Since they have expanded to a four piece and swapped the drum machine (proudly called Mustafa Beat) for the less programmed and more colourful touch of Ben. The Answering Machine have veered towards a psychedelic early The Pixies vibe, coated by a flowery brit-pop backdrop that Cast used to catchy or irritating effect, depending on your perspective. Bassist, Gemma provides the steely foundation from which guitarist Patrick and singer/guitarist, Martin expands colourfully and boldly from, taking them close to the strides made by The Dead 60s. Twisted power pop and lyrically bemused ‘The Hold Up’ , highlights this approach.
The crowd take time to figure out where The Answering Machine lies, as they flit from raw and rocky to sturdy indie then to heart filled pop. The adventurous ‘Your Father’s Books’, neatly encapsulates all three musical styles and an eccentric megaphone haunt has the impact of Martin effectively heckling their own song. A winding blues filter gives forthcoming single ‘Lightbulbs’, a languid touch and Martin does a The Pigeon Detectives vocal impersonation to end proceeding on a yearningly catchy note. This has the effect of driving indie connoisseurs to scribble this Manchester troupe into their notebooks.
Having the ability to startle crowds at a showcase event or a festival earns you a badge of respect, but doing so at your own gig as well. That must put you on the New Year’s Honours list. This is the impact of Tavistock quintet, The Rumble Strips and the opening stages of their first tour since they released the adventurously bold ska and rockabilly merging debut, ‘Girls and Weather’.
Eerie, soulful cooing precedes the Dexy’s Midnight Runners backed uninvitingly and from afar by Th’ Lengendery Shack Shakers, delinquent flash of ‘Cowboy’. Country bumpkin clad singer, Charles Waller produces a bemused yet defiant vocal push, as the horns rampage and the guitars rock with rhythm, but the crowd remain a little dazed. This colourful outfit inclusive of handle bar moustachioed keyboard and horn player continues their beleaguered lyrical push, through the ska reviving ‘Hate Me You Do’.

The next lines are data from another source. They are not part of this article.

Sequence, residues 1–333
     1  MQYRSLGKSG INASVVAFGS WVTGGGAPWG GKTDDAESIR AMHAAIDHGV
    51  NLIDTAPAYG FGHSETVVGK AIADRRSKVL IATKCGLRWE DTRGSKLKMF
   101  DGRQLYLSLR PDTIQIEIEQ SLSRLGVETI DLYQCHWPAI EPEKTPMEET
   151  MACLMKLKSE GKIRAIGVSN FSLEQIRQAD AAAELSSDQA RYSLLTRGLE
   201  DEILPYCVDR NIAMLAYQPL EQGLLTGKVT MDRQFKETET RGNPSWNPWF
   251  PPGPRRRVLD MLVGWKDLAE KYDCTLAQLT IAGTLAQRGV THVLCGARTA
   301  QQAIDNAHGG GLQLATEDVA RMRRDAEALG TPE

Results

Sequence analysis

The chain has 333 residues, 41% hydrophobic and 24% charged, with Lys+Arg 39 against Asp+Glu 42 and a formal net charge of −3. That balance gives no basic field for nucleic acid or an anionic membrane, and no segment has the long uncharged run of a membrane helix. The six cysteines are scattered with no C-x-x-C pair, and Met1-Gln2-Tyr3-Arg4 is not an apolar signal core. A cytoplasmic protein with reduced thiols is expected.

True lyrical depth peers out of the veil of brazen horn led instrumental exuberance, waking up the thinkers in attendance, ‘Building A Boat’.
It is through this thoughtful interlude that the subtle, stroking percussive touch of Mathew Wheeler (formerly with Action For Heroes) is noticeably crafted and adds an air of calmness. This low key touch then trickles into the falsetto reaching crowd favourite, ‘I Ain’t Got No Soul’ plus the blues bolstered ‘Oh, Croele’, as the full range of these Devon delinquents is explored. When the brass element is discarded for a poetic Wordsworth admiring moment ‘Clouds’, a completely different band emerges as does a radio friendly pop touch to rival Van Morrison.
This slightly wistful break gives the band and crowd a like the chance to preserve energy for the horn hounded big hitters, ‘Alarm Clock’ and the day-dream extolling ‘Motorcycle’. Before a striding indie inclusive encore, ‘Don’t Dumb Down’ takes the evening to its conclusion. A smaller than you would expect crowd makes their way out, slightly invigorated. It makes you wonder whether headlining the NME New Bands Tour, an honour that was bestowed on Da Strips earlier this year, is indeed a good thing. Wandering attention spans of modern attendances these days, probably rendered their efforts a little redundant, not tonight though, attention remained fixed.